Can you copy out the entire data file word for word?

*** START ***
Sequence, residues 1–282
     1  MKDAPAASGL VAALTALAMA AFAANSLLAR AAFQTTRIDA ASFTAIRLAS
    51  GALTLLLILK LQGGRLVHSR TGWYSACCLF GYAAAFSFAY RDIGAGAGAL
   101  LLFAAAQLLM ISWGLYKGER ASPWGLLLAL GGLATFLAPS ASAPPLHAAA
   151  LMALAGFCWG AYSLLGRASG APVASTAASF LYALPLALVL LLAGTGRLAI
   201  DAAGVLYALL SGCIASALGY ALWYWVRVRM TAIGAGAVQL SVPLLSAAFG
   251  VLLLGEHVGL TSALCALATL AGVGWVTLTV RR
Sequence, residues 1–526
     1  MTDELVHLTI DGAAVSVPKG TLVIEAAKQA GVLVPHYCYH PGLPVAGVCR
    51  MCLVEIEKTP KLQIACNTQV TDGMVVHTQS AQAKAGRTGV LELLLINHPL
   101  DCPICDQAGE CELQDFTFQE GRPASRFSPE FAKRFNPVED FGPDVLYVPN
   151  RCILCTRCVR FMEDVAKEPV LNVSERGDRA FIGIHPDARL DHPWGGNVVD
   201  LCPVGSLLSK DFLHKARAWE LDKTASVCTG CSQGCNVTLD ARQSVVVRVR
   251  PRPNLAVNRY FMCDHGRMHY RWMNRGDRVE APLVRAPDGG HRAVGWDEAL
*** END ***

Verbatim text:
Sequence, residues 1–282
     1  MKDAPAASGL VAALTALAMA AFAANSLLAR AAFQTTRIDA ASFTAIRLAS
    51  GALTLLLILK LQGGRLVHSR TGWYSACCLF GYAAAFSFAY RDIGAGAGAL
   101  LLFAAAQLLM ISWGLYKGER ASPWGLLLAL GGLATFLAPS ASAPPLHAAA
   151  LMALAGFCWG AYSLLGRASG APVASTAASF LYALPLALVL LLAGTGRLAI
   201  DAAGVLYALL SGCIASALGY ALWYWVRVRM TAIGAGAVQL SVPLLSAAFG
   251  VLLLGEHVGL TSALCALATL AGVGWVTLTV RR
Sequence, residues 1–526
     1  MTDELVHLTI DGAAVSVPKG TLVIEAAKQA GVLVPHYCYH PGLPVAGVCR
    51  MCLVEIEKTP KLQIACNTQV TDGMVVHTQS AQAKAGRTGV LELLLINHPL
   101  DCPICDQAGE CELQDFTFQE GRPASRFSPE FAKRFNPVED FGPDVLYVPN
   151  RCILCTRCVR FMEDVAKEPV LNVSERGDRA FIGIHPDARL DHPWGGNVVD
   201  LCPVGSLLSK DFLHKARAWE LDKTASVCTG CSQGCNVTLD ARQSVVVRVR
   251  PRPNLAVNRY FMCDHGRMHY RWMNRGDRVE APLVRAPDGG HRAVGWDEAL